Fig. 4. Hydration free energies for 75 small organic molecules calculated using parameters generated by the ATB 2.0. The solid line has a slope of one and represents a one-to-one agreement between the calculated and experimental numbers. The two dotted lines represent a 5 kJ/mol deviation from the ideal line.



Of the set of 167 molecules, 92 were taken from previous SAMPL challenges. The AUE for molecules in the SAMPL0, SAMPL1 and SAMPL2 data sets were 7.2 kJ/mol, 9.6 kJ/mol and 8.5 kJ/mol respectively. While approximately 40% still lay within 5 kJ/mol of the experimental value the largest deviation from experiment was 42 kJ/mol. This is in part a reflection of the uncertainty in the experimental hydration free energies of molecules contained in SAMPL challenges (which were as large as 8 kJ/mol) and in part a reflection of the fact that these molecules contained a range of functional groups not commonly found in biomolecular systems.


Summary

The ATB 2.0 parameters were validated against structural data such as root mean square deviation and thermodynamic data such as hydration free energies:

  • Structural validation has shown good overall agreement between the QM optimized structures and the energy minimized structures using the ATB parameters.
  • The agreement between the predicted and experimental hydration free energies for the majority of molecules investigated is good.
  • The average unsigned-error (AUE) using ATB 2.0 topologies for the complete test set is 6-7 kJ/mol. However, for molecules containing functional groups that form part of the main GROMOS force field[8] the AUE is 3-4 kJ/mol.
  • The systematic nature of the deviations suggests that it will be possible to greatly improve the overall performance of the ATB by optimizing the parameters for a small number of non-optimal atom types.


    1. Schmidt MW, Baldridge KK, Boatz JA, Elbert ST, Gordon MS, Jensen JH, Koseki S, Matsunaga N, Nguyen KA, Su S, Windus TL, Dupuis M, Montgomery JA (1993) General atomic and molecular electronic structure system. J Comput Chem 14 (11):1347-1363.
    2. Berendsen HJC, Postma JPM, van Gunsteren WF, Hermans J (1981) Interaction models for water in relation to protein hydration. In: Pullman B (ed) Intermolecular Forces. Springer Netherlands, The Netherlands, pp 331-342. doi:10.1007/978-94-015-7658-1_21
    3. Schmid N, Christ CD, Christen M, Eichenberger AP, van Gunsteren WF (2012) Architecture, implementation and parallelisation of the GROMOS software for biomolecular simulation. Comput Phys Commun 183 (4):890-903.
    4. Koziara KB, Stroet M, Malde AK, Mark AE (2013) Testing and validation of the Automated Topology Builder (ATB) version 2.0: Prediction of hydration freee enthalpies. J Comput Aided Mol Des [in press].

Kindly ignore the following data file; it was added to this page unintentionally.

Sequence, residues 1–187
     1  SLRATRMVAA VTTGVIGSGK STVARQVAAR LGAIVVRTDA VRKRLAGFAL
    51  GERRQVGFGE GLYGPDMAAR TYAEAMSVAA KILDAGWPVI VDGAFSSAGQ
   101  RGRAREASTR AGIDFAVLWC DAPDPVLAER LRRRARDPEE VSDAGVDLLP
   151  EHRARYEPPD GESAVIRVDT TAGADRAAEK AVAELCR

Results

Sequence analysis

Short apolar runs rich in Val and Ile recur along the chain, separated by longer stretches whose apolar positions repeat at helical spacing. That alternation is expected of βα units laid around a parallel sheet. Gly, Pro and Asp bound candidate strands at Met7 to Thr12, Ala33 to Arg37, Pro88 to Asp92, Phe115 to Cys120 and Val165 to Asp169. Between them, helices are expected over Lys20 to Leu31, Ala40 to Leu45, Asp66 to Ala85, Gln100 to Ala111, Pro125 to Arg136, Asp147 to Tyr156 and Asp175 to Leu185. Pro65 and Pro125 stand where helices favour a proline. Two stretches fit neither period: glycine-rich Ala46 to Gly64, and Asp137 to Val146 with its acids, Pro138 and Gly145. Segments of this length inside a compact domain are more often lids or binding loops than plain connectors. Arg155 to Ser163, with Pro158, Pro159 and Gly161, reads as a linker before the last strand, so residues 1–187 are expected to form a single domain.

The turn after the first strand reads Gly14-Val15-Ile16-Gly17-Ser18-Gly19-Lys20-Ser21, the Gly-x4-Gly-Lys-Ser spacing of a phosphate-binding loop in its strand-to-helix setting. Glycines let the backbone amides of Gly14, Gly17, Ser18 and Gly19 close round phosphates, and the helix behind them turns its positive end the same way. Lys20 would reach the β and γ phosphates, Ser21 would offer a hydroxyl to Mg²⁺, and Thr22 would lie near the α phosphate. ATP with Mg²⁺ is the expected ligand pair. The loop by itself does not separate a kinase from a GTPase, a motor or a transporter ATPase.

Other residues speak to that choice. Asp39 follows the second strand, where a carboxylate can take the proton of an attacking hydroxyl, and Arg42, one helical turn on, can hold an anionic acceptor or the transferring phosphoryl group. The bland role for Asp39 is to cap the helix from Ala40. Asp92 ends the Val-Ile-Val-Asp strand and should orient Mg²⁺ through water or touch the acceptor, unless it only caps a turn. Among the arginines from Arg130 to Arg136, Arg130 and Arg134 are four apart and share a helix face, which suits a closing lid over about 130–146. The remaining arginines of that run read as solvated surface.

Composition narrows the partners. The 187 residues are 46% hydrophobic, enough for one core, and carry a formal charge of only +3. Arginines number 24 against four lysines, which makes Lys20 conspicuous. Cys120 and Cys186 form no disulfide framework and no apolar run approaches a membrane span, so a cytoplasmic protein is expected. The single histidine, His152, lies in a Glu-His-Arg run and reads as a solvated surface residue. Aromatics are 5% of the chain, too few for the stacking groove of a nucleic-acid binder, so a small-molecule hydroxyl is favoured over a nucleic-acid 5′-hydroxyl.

5. Geballe MT, Skillman AG, Nicholls A, Guthrie JP, Taylor PJ (2010) The SAMPL2 blind prediction challenge: introduction and overview. J Comput Aided Mol Des 24 (4):259-279.
    6. Nicholls A, Mobley DL, Guthrie JP, Chodera JD, Bayly CI, Cooper MD, Pande VS (2008) Predicting small-molecule solvation free energies: an informal blind test for computational chemistry. J Med Chem 51 (4):769-779.
    7. Guthrie JP (2009) A blind challenge for computational solvation free energies: introduction and overview. J Phys Chem B 113 (14):4501-4507.
    8. Oostenbrink C, Villa A, Mark AE, van Gunsteren WF (2004) A biomolecular force field based on the free enthalpy of hydration and solvation: The GROMOS force-field parameter sets 53A5 and 53A6. J Comput Chem 25 (13):1656-1676.

About ATB

Overview

The ATB and Repository is intended to facilitate the development of molecular force fields for Molecular Dynamics or Monte Carlo simulations of biomolecular systems. Applications include:

  • The study of biomolecule:ligand complexes
  • Free energy calculations
  • Structure-based drug design
  • The refinement of x-ray crystal complexes

This site provides:

  • A repository for building blocks and interaction parameter files for molecules described using GROMOS force fields.
  • An automated builder to help generate building blocks for novel molecules, compatible with the GROMOS 53A6 force field and in formats appropriate for the GROMACS, GROMOS simulation packages and CNS, Phenix, CCP4 and Refmac5 X-ray refinement packages.
  • Refined geometries for molecules within the repository.
  • Equilibrated starting coordinates for a range of biologically important systems.